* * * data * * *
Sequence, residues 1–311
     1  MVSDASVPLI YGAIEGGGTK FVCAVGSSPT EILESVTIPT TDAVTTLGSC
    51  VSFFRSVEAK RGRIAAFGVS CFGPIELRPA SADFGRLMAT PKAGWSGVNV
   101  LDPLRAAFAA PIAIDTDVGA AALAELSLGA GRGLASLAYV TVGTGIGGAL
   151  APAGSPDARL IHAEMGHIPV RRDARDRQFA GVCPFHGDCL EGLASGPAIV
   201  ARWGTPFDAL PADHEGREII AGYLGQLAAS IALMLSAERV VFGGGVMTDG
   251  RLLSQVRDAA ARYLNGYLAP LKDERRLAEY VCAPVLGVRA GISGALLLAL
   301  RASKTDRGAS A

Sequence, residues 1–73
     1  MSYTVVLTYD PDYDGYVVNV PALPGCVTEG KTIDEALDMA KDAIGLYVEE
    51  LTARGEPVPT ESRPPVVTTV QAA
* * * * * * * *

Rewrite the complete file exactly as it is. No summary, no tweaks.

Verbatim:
Sequence, residues 1–311
     1  MVSDASVPLI YGAIEGGGTK FVCAVGSSPT EILESVTIPT TDAVTTLGSC
    51  VSFFRSVEAK RGRIAAFGVS CFGPIELRPA SADFGRLMAT PKAGWSGVNV
   101  LDPLRAAFAA PIAIDTDVGA AALAELSLGA GRGLASLAYV TVGTGIGGAL
   151  APAGSPDARL IHAEMGHIPV RRDARDRQFA GVCPFHGDCL EGLASGPAIV
   201  ARWGTPFDAL PADHEGREII AGYLGQLAAS IALMLSAERV VFGGGVMTDG
   251  RLLSQVRDAA ARYLNGYLAP LKDERRLAEY VCAPVLGVRA GISGALLLAL
   301  RASKTDRGAS A

Sequence, residues 1–73
     1  MSYTVVLTYD PDYDGYVVNV PALPGCVTEG KTIDEALDMA KDAIGLYVEE
    51  LTARGEPVPT ESRPPVVTTV QAA